Given these new insights, the acronym CLAD was introduced as an overarching term to cover different phenotypes of chronic lung allograft dysfunction [24▪▪], including obstructive CLAD (BOS), restrictive CLAD (RAS) and dysfunction due to causes not related to chronic rejection. In general, CLAD related to chronic rejection affects up to 50% of LTx recipients after 5 years [3▪]. Approximately 70% of CLAD is attributable to BOS, 30% to RAS and only a small number to nonrejection-related causes [25▪]. Of the patients with supposed BOS, some 30–40% will respond to azithromycin (ARAD) and 60–70% will not [20]. Some 30% of ARAD patients will later develop azithromycin-nonresponsive CLAD, mainly BOS [24▪▪]. Some patients will evolve from BOS to RAS in a later stage. Other nonrejection-related conditions, including both allograft-related and extra-allograft-related disorders, may also cause CLAD. A schematic overview of the shift in the terminology of chronic rejection following LTx is given in Fig. 1. Careful evaluation for these factors should always be performed before diagnosing an LTx recipient with chronic rejection, being BOS or RAS [22▪▪–24▪▪]. In the present review, we will highlight the most recent insights of the past year and current controversies regarding this new CLAD terminology, with specific attention for obstructive and restrictive CLAD.

Change in terminology regarding chronic rejection following lung transplantation. Original schematic representation of the paradigm shift with the introduction of the new classification system of allograft dysfunction[24▪▪]. Dotted circle represents the group of all lung transplant recipients, most of whom will have a normal allograft function. Full circles represent the group of patients who develop either acute or chronic lung allograft dysfunction (ALAD, CLAD). The patients with primary graft dysfunction (PGD), which is a very early postoperative process for which no comparison pulmonary function is available, so by definition must sit outside the description of either normal allograft function, ALAD or CLAD diagnosed by a change in FEV1. Most patients with chronic rejection-related CLAD will present as BOS (70%), whereas RAS is seen in minority (30%). Some patients evolve from BOS to RAS phenotype (overlap in both circles in scheme). Histopathologically, most patients with obstructive (BOS) or restrictive (RAS) CLAD will have evidence for obliterative bronchiolitis (OB) of the conducting airways, yet in RAS, additional interstitial changes are seen. Other abbreviations are explained in the text of the review. ALAD, acute lung allograft dysfunction; BOS, bronchiolitis obliterans syndrome; CLAD, chronic lung allograft dysfunction; FEV1, forced expiratory volume in 1 s; RAS, restrictive allograft syndrome.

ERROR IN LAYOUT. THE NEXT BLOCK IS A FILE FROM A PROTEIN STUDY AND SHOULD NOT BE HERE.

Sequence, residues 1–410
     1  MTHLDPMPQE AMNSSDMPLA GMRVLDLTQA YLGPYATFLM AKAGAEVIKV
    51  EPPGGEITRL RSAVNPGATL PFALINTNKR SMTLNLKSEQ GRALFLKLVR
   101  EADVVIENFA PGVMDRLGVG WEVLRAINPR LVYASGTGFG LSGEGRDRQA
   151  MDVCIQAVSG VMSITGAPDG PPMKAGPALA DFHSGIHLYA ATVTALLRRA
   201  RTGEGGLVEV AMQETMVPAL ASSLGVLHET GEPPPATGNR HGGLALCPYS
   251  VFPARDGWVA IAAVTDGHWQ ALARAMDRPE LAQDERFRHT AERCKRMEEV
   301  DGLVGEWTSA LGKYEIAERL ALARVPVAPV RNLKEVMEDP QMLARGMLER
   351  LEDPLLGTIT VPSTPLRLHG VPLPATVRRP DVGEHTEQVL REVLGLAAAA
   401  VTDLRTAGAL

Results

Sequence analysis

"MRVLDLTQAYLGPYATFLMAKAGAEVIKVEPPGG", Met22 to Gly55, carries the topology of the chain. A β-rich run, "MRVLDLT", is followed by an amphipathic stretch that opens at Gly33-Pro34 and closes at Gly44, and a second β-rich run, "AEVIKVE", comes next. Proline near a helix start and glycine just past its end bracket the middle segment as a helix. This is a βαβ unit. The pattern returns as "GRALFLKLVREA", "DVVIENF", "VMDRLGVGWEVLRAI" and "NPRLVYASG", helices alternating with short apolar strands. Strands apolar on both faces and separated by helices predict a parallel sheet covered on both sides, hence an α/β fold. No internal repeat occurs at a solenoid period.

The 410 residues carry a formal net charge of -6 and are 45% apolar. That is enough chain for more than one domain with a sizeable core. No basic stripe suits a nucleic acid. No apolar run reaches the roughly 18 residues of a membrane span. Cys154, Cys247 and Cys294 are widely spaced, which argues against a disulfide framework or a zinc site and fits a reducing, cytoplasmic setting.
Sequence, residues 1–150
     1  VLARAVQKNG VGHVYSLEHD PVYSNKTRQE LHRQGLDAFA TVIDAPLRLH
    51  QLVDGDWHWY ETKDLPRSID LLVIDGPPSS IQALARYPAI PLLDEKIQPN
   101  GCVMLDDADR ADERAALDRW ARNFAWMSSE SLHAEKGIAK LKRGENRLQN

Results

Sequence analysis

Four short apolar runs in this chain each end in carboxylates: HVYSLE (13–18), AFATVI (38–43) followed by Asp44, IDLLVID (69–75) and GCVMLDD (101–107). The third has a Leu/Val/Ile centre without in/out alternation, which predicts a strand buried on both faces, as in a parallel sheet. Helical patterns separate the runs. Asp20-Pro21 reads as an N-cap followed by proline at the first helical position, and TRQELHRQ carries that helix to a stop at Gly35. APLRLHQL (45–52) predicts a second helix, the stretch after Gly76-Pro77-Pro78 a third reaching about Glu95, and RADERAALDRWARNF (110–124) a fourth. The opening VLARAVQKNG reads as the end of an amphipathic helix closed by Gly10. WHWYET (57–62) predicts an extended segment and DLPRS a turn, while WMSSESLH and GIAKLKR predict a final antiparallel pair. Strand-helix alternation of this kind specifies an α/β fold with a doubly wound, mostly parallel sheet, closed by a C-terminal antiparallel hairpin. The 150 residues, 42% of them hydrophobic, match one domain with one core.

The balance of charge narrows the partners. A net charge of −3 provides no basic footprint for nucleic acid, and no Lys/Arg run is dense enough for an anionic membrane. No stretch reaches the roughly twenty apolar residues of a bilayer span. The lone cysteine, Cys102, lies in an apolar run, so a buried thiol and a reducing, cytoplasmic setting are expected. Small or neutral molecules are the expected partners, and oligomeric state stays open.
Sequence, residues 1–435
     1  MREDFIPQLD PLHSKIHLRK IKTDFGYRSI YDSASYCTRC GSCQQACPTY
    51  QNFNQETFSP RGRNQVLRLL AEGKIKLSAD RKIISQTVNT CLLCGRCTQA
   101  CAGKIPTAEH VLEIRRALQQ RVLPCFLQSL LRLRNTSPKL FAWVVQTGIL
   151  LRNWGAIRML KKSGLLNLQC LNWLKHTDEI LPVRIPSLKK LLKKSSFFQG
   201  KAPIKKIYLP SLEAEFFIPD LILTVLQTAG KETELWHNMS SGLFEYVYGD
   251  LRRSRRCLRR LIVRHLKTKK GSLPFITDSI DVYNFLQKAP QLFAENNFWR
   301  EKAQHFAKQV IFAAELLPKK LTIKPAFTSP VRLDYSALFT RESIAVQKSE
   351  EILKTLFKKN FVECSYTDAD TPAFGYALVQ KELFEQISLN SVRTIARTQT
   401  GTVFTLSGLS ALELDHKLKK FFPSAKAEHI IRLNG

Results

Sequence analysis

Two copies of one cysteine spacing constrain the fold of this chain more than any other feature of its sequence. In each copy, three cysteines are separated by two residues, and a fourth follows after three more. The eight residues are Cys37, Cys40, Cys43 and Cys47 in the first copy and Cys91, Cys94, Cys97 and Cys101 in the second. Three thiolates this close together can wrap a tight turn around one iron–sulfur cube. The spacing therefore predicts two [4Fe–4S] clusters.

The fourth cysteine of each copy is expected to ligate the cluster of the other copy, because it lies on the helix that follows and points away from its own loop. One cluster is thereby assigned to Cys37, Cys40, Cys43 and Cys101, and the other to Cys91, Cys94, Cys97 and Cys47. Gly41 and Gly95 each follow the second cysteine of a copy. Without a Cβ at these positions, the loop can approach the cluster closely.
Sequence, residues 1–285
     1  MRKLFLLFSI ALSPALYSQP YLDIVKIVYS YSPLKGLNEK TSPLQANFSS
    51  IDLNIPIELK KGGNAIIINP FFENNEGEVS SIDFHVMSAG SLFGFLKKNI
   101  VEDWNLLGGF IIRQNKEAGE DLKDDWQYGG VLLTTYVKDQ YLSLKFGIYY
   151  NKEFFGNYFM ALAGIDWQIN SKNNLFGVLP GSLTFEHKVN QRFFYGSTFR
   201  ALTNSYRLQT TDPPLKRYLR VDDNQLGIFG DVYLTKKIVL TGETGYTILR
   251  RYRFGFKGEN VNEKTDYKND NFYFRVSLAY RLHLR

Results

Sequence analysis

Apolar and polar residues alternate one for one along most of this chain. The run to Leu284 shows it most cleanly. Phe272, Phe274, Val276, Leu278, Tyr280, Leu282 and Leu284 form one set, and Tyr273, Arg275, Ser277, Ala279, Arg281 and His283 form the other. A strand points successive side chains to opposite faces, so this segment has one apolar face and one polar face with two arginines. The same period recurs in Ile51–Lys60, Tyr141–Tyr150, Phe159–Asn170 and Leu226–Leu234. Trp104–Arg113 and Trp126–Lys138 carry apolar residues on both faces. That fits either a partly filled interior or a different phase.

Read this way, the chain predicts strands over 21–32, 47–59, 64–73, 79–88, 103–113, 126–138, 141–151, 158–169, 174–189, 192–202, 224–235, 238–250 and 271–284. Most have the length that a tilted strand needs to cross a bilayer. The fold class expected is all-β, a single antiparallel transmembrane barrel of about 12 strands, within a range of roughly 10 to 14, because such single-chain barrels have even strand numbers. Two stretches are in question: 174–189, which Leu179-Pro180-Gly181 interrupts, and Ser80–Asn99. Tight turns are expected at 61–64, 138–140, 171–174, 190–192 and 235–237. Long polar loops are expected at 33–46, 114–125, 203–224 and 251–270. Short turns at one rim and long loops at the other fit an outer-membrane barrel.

Box 1
Box 1:
no caption available


Confounding factors

Patients may have more than one reason for a persistent declining graft function, for example obliterative bronchiolitis manifested as BOS, with concurrent chronic graft infection or ongoing airway colonization. Adequate treatment of the latter may halt or even improve the pulmonary function decline. Next, in case of single-sided LTx, problems with the native lung may lead to a decrease in pulmonary function, such as hyperinflation with compression of the transplanted lung [28,29] or progressive fibrosis. Third, some patients may postoperatively never achieve a ‘normal’ baseline after double LTx and are diagnosed with an early (i.e. within the first postoperative 6–12 months) obstructive, and thus suboptimal pulmonary function according to their calculated predicted values [30]. The same is true after single-sided LTx, in which case postoperative FEV1 should be at least 50% predicted, to be considered normal. This early suboptimal pulmonary function may probably be because of preoperative or perioperative allograft injury, or preexisting mild emphysematous or interstitial changes in the donor lung. There is controversy whether this condition should also be regarded as CLAD [24▪▪]. Indeed, it is still not clear whether the term CLAD should be used in case the allograft not achieves its predicted normal function, or only in case of a new onset, persistent decline in pulmonary function from this, yet suboptimal, baseline lung function [24▪▪].

From acute to chronic lung allograft dysfunction